• Thank you very much for your response. It makes things a clearer. I have seen the matrix $U(x)$ but I didn't make the connection. The way I thought of $U(x)$ was as a convenient redefinition of the pion field that leads to a nice power counting in the momentum of the pions. Is there a more to it then that? – JeffDror Apr 17 '14 at 14:24
• The point is that the pion field is defined by the generators of what you call the coset, i.e. $\pi=\pi^a T^a$. I just explained it in terms of U(x) because that is a common way of describing them. – Frederic Brünner Apr 17 '14 at 14:56
• What exactly makes the pion field defined by the generators of the coset? Is it just that they have the same dimension so we can contract their indices as $\pi=\pi^aT^a$ which leads to a convenient field redefinition in our Lagrangian? – JeffDror Apr 17 '14 at 15:03
• I have edited my answer. – Frederic Brünner Apr 17 '14 at 15:25
• Thanks, I think its starting to make sense. So essentially the statement that the Goldstones live in the coset arise from the fact that the number of Goldstones will be equal to the dimension of the coset and we can use this fact to make a convenient field redefinition in terms of the coset generators. – JeffDror Apr 17 '14 at 16:07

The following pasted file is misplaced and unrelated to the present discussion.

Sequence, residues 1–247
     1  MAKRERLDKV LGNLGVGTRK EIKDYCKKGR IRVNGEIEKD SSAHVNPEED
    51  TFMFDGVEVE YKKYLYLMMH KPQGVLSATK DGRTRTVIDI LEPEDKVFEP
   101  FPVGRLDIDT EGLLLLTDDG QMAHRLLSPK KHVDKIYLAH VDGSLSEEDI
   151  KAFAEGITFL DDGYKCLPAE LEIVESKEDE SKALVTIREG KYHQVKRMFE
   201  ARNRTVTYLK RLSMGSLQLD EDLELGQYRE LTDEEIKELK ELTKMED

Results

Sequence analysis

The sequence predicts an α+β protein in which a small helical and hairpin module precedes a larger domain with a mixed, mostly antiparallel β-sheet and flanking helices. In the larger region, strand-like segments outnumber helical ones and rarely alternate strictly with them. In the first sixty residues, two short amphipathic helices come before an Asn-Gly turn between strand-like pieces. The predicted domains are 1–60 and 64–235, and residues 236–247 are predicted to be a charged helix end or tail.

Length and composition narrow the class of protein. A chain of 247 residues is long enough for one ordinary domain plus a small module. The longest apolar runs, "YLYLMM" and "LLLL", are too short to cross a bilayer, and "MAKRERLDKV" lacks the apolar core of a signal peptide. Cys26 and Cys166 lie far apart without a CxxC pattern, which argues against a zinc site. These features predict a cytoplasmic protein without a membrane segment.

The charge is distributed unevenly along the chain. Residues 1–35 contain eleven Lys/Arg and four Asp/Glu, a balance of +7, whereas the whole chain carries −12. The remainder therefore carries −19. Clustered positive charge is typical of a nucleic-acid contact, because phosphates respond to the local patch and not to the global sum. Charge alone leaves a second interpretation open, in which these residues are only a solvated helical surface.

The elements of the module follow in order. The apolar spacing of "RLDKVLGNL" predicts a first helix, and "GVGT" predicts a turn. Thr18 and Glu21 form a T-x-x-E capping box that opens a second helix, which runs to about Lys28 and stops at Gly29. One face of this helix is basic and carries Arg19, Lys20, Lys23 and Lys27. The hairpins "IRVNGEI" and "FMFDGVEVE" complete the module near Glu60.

It is in fact a very simple matter if you use a different parametrization of the fields. Since we care about the Goldstone bosons only, just send $\lambda\rightarrow \infty$ so that the Higgslike state decouples. Moving to the following parametrization
$$\phi_i(x)=U(x)\langle \phi_i\rangle \,,\qquad U(x)=e^{i \hat{T}^a \pi^a(x)}\,,\qquad \langle\phi_i\rangle=\left(0,0,0\ldots,v\right)^T$$ (where $\hat{T}^a$ are the broken generators) you immediately see that there is a gauge redundancy in the definitions of the pion fields $\pi^a(x)$ since we are allowed rotate them with an $x-$dependent transformation $h(x)$ of the unbroken group $H$, namely $$\phi_i(x)=U(x)\langle \phi_i\rangle=U(x)h(x)\langle \phi_i\rangle\,.$$ In other words, the pion field is defined only up to this equivalence $U(x)\sim U(x)h(x)$, which is the statement that they live on the coset space $G/H$.

• Ah, very interesting! How do we know that we are able to apply a gauge transformation on the vacuum using only the broken generators and get back $\phi_i$? Or is this just the definition of the parametrization of the pion fields, $\phi_i$? – JeffDror Apr 18 '14 at 14:13
• Maybe I am misunderstanding what you are asking. $h(x)$ is a transformation of the unbroken group built with the unbroken generators, not the broken ones. This is why we say that they live I the right coset $G/H$. – TwoBs Apr 18 '14 at 16:28
• Sorry, I don't think I was clear. I meant how do we know that we can write, $\phi_i (x) = U (x)\langle \phi_i\rangle$ or is that just the definition of the reparametrization? – JeffDror Apr 18 '14 at 16:29
• In the limit $\lambda\rightarrow\infty$ you can move only around the minimum orbits, which is what the action of $U$ does for you. For finite $\lambda$ you can also move away from the minimum. This exhaust all possibilities. – TwoBs Apr 18 '14 at 17:44